In June I reported on a county government flanking maneuver to circumvent the state’s anti-Kelo eminent domain law. The Clarke County Reservoir Commission voted to condemn the farmland of two dozen families in order to build a new 900-acre reservoir near Osceola. Critics have charged that planners have inflated the areas water needs in order to justify the new reservoir. In August the Clarke County Farm Bureau stated that they would NOT be helping the landowners whose land will be taken. Construction of the lake has not yet begun at this time.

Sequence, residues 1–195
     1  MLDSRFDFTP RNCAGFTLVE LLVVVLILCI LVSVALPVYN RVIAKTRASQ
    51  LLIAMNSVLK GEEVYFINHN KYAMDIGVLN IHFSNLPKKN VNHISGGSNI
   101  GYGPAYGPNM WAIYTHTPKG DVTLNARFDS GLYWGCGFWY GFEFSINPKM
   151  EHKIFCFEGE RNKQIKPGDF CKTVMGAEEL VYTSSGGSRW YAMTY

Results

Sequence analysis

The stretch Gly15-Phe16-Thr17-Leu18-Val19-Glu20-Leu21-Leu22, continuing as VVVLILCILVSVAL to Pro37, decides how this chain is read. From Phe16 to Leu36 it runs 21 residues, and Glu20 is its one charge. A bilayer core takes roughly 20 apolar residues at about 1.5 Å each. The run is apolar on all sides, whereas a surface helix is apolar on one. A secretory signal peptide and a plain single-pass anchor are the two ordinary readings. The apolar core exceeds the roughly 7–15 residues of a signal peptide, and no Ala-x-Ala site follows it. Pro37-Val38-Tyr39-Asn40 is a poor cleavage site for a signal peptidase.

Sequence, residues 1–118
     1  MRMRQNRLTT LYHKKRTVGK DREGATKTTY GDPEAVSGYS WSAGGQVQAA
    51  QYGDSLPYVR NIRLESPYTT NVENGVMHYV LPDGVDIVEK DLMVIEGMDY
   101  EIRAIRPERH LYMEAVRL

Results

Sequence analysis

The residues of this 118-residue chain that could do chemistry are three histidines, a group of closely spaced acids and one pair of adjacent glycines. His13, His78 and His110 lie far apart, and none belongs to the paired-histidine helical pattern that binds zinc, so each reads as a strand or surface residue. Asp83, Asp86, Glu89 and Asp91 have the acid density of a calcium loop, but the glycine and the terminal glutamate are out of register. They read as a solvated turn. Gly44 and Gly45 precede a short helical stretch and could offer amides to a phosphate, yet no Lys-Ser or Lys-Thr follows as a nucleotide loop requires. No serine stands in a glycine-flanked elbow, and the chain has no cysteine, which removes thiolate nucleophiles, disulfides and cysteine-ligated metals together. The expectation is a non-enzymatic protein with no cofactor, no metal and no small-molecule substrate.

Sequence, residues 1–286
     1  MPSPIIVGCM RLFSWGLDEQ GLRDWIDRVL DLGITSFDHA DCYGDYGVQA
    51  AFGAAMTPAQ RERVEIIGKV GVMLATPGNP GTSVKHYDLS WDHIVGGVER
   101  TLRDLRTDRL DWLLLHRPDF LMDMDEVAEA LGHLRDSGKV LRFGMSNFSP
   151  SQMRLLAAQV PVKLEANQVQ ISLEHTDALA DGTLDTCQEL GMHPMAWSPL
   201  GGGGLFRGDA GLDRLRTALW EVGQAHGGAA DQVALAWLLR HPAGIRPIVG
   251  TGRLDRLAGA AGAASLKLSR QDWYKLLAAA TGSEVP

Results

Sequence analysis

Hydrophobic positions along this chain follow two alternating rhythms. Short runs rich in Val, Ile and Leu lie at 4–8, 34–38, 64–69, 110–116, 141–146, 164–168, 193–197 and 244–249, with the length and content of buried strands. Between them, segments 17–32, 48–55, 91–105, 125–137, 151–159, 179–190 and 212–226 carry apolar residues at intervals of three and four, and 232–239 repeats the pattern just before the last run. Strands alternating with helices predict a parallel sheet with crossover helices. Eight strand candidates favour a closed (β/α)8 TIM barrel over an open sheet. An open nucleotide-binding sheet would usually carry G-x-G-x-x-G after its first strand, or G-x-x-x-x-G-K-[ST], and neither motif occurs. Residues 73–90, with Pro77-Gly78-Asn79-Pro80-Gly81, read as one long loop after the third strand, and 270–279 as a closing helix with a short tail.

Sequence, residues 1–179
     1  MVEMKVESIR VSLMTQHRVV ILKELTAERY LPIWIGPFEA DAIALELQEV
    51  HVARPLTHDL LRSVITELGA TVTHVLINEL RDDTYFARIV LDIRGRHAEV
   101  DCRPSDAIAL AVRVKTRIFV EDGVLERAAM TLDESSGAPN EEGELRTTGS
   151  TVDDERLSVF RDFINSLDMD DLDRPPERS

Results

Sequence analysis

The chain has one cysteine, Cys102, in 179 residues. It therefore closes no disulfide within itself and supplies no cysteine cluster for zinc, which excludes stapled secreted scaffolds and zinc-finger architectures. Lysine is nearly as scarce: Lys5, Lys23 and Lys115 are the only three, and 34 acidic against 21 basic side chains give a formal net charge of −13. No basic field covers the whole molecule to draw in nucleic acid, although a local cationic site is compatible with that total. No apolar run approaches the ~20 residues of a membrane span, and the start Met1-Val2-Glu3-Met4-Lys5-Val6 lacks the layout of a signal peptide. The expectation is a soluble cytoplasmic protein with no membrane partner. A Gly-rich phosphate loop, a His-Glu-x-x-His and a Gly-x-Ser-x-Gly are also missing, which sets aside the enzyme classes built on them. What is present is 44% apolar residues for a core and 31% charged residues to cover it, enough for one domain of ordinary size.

In Washington and Des Moines our elected officials continued to bury this and future generations in debt in 2009. Since this will have to be paid back (with interest) it will obviously cost Americans a lot of money, therefore leaving less money available to us to acquire property (and less to pursue happiness with as well).

Governor Culver signed bonding issues adding almost $1.7 Billion in state debt, despite the fact that a Des Moines Register poll showed that 71% of Iowans opposed it. In D.C., President Obama and the Democrat Congress added about $1.45 Trillion in U.S. debt in 2009 alone. The U.S. public debt currently stands at over $12 Trillion. Our total unfunded liabilities amount to almost $107 Trillion.

So 2009 was a mixed bag for freedom lovers. Unfortunately, I think the few advances in personal freedoms are vastly overshadowed by the fiscal crisis looming on the horizon. Will we draw that crisis closer or will we begin to back away from it in 2010? I’ll tell you next year.